It’s easy to find Christians despising the “Jesus is my boyfriend” motif in worship music. I’ve usually mocked it myself, but something I read in James K.A. Smith’s recent book Desiring the Kingdom made me think about this from another angle.
In order to understand Smith’s defense of erotically-charged worship, we must first understand the basic question animating his book: “What if education wasn’t first and foremost about what we know, but about what we love?” (18) In other words, Smith is arguing that the affective and erotic are more basic and fundamental than the cognitive. We are lovers before we’re ever thinkers.
If we grant Smith this point (and I do, although there’s an enormous and tantalizing philosophical debate lurking around precisely that point), then criticisms of “Jesus is my boyfriend”-type worship songs are not as easy as they seem. In a lengthy footnote, Smith has the following to say on the topic:
I think a philosophical anthropology centered around affectivity, love, or desire might also be an occasion to somewhat reevaluate our criticisms of “mushy” worship choruses that seem to confuse God with our boyfriend. While we might be rightly critical of the self-centered grammar of such choruses (which, when parsed, often turn out to be more about “me” than God, and “I” more than us), I don’t think we should so quickly write off their “romantic” or even “erotic” elements (the Song of Songs comes to mind in this context). This, too, is testimony to why and how so many are deeply moved in worship by such singing. While this can slide into an emotionalism and a certain kind of domestication of God’s transcendence, there remains a kernel of “fittingness” about such worship. While opening such doors is dangerous, I’m not sure that the primary goal of worship or discipleship is safety. Catholic novelists such as Graham Greene, Walker Percy and Evelyn Waugh recognize this thin fulcrum that tips from sexual desire to desire for God—that on the cusp of this teetering, “dangerous” fulcrum, one is closest to God. The quasi-rationalism that sneers at such erotic elements in worship and is concerned to keep worship “safe” from such threats is the same rationalism that has consistently marginalized the religious experience of women—and women mystics in particular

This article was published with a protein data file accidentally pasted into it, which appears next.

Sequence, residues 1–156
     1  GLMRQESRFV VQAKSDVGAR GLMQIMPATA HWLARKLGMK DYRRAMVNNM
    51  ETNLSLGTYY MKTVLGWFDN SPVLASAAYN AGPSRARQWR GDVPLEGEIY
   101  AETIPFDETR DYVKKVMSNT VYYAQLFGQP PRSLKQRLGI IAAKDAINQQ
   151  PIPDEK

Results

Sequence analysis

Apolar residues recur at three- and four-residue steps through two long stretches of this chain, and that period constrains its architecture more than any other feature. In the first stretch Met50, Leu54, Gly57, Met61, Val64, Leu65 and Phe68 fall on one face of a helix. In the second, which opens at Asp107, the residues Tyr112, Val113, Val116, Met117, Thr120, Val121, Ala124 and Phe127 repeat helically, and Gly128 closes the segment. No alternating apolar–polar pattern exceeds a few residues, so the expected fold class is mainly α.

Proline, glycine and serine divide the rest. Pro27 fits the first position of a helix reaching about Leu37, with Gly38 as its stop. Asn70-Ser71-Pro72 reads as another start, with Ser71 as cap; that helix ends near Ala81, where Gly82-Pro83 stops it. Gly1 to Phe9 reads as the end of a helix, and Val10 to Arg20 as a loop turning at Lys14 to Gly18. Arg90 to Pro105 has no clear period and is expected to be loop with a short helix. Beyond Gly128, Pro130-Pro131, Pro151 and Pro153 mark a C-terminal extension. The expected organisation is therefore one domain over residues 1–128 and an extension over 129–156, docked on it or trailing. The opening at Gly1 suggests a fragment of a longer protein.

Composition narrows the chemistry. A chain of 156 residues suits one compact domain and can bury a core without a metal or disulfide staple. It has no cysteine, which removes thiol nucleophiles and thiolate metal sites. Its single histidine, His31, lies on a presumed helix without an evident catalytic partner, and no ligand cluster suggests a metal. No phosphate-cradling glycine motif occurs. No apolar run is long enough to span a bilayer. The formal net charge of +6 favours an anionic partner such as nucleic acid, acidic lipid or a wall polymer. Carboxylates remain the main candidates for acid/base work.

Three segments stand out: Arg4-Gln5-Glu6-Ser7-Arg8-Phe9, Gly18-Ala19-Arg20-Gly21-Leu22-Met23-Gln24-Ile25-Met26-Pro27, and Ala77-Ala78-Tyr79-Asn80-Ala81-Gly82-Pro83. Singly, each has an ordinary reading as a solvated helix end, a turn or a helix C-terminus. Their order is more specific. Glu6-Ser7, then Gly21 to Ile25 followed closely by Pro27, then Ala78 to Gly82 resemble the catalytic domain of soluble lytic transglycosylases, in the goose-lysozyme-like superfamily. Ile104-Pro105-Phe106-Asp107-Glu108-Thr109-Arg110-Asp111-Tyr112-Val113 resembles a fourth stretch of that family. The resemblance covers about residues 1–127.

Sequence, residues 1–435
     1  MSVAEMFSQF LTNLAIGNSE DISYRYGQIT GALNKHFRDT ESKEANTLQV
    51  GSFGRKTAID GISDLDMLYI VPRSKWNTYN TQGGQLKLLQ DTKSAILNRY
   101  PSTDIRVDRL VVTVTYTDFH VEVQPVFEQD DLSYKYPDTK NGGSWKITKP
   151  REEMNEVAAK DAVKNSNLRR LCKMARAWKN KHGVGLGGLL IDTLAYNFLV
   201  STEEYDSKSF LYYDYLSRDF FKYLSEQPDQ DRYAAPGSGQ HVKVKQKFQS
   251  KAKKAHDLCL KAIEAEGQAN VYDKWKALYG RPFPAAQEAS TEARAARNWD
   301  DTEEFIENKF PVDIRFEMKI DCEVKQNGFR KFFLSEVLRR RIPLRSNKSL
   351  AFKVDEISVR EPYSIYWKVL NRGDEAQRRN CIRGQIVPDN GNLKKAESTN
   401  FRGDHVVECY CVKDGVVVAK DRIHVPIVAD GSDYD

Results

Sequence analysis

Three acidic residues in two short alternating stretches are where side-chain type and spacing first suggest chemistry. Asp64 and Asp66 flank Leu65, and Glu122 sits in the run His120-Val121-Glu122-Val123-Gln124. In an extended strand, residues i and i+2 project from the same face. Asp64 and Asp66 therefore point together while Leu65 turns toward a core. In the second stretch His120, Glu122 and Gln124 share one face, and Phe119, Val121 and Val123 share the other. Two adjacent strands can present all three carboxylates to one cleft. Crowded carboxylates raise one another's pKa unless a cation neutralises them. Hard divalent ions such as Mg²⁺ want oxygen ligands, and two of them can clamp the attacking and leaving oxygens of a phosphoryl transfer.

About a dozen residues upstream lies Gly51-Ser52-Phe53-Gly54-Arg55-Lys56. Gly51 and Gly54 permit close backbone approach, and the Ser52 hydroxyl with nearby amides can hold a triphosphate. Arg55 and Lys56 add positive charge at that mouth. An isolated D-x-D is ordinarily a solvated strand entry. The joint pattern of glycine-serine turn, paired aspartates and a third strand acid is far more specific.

James K.A. Smith, Desiring The Kingdom, 79.